Calla lilies are not true lilies. They are summer-flowering bulbs that bloom from late spring through early summer, which lasts about six to eight weeks in length. Calla lilies reach 12 to 24 inches tall with pink, red, purple, white and yellow goblet-shaped flowers. These tropical-looking flowers are used as fragrant cut flowers and garden accents. Calla lilies do not require very much care to grow well.
- Moderately Easy
things you’ll need:
- Garden hoe
- Hand trowel
- Sharp knife
- Peat moss
- Remove the weeds and rocks from the planting area. Calla lilies prefer a planting site in full sun to partial shade. Dig the soil up to the depth of 6 to 8 inches with a shovel. Break the large soil clumps up with a garden hoe.
- Spread a 2- to 3-inch layer of well-rotted manure over the soil. Add a 1-inch layer of sand on top of the manure. Mix these two soil amendments into the loose soil.
- Dig the planting holes with a hand trowel deep enough so the top of the calla lily bulbs will be 2 inches below the surface. Space the lilies 18 inches apart. Cover the lily bulbs with soil and water the soil to the depth of 3 to 5 inches.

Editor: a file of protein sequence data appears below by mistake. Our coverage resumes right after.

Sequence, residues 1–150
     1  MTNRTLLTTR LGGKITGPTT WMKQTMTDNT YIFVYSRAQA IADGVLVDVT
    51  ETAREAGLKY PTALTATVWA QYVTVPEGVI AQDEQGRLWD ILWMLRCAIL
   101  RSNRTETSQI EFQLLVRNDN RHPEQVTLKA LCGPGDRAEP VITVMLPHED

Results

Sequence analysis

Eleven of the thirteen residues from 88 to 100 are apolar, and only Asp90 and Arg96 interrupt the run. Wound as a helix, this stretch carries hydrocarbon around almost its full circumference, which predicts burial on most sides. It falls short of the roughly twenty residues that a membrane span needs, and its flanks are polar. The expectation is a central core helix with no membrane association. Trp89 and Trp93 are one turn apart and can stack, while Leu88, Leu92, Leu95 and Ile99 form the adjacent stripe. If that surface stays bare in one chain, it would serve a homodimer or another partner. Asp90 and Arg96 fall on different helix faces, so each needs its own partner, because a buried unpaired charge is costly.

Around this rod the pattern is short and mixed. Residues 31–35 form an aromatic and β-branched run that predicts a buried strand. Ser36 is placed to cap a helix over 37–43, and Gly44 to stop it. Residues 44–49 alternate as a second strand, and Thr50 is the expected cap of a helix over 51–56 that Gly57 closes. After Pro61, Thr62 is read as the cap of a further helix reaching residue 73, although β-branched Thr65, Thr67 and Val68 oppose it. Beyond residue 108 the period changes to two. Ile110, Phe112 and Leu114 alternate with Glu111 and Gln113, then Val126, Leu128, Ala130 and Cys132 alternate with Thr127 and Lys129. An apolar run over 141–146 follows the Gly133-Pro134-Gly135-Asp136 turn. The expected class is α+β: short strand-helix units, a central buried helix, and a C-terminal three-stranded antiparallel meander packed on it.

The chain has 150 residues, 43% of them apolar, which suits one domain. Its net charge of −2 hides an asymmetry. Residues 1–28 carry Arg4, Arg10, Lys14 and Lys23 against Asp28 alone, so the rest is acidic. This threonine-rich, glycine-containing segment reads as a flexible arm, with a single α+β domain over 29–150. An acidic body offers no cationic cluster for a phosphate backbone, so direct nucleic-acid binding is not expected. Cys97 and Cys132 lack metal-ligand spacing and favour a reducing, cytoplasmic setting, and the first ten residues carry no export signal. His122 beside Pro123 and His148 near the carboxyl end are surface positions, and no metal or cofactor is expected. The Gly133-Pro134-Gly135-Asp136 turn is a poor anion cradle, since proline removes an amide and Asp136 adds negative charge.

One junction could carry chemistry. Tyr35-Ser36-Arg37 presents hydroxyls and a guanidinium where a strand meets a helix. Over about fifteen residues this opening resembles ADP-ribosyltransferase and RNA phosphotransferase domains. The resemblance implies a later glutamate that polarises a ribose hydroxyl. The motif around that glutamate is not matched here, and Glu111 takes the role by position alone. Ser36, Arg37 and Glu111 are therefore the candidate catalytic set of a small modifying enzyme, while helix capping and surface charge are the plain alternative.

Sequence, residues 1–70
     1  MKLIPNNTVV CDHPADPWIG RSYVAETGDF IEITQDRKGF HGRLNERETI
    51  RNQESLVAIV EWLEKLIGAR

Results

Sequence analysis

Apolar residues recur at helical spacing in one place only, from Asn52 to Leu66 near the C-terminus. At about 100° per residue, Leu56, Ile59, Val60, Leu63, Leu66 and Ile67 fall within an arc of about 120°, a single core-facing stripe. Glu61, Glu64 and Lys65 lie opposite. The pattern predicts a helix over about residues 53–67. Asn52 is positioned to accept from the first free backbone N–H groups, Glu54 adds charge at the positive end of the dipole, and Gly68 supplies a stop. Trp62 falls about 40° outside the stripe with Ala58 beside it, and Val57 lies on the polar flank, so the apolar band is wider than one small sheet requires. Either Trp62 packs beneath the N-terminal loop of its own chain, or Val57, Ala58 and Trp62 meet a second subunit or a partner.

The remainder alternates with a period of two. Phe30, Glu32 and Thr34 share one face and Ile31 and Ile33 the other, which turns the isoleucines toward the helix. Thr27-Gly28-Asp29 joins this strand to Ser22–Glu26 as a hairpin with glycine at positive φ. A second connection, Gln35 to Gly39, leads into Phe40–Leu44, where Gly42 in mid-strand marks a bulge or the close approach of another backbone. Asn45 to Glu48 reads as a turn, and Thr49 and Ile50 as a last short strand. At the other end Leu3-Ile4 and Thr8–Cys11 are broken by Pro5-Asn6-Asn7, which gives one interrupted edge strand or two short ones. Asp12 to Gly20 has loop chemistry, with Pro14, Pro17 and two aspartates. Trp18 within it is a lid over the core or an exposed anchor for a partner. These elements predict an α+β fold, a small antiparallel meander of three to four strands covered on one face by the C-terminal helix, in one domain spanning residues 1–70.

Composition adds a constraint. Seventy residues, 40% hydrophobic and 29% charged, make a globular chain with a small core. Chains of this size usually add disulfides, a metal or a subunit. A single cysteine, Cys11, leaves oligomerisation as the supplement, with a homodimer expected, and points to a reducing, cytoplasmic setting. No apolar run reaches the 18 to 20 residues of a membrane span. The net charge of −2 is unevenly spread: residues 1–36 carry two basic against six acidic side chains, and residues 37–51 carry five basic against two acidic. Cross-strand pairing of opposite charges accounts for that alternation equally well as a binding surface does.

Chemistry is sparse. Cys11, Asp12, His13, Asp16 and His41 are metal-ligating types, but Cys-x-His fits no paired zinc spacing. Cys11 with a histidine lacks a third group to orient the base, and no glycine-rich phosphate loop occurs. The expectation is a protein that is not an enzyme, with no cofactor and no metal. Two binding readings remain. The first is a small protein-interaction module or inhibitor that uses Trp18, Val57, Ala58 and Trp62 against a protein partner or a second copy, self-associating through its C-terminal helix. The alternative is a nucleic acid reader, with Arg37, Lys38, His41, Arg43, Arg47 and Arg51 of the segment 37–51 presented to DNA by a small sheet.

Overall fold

- Keep the planting area free of any weeds that will compete for nutrients and moisture in the soil. Once the calla lilies are fully grown, the abundant amount of leaves will shade out the weeds.
- Water the soil whenever the ground around the plants begins to dry out. Dig near a plant with a hand trowel and check to make sure the water has reached the depth of at least 3 inches. Keep the soil moist throughout the growing season even after the blooming is finished. The white-spotted leaves stay beautiful until the first fall frost when supplied with plenty of water.
- Dig the calla lily bulbs up with a shovel in the fall after the foliage begins to die. Cut the leaves back with a sharp knife to 2 to 4 inches and place in a bin full of peat moss. Store in a dry area with temperatures between 50 to 60 degrees Fahrenheit. Calla lily bulbs suffer damage and death when winter temperatures dip below 25 degrees Fahrenheit.
Tips & Warnings
Calla lilies prefer moist soil and do not like to dry out. These summer bulbs tolerate wet, soggy soil. They are a good choice for planting around water features in a garden like ponds.
All parts of a calla lily are toxic when eaten. Calla lily poisoning produces burning in the mouth, sore throat, tongue swelling, redness of eyes, nausea, vomiting and diarrhea. Do not plant calla lilies around curious children and browsing pets.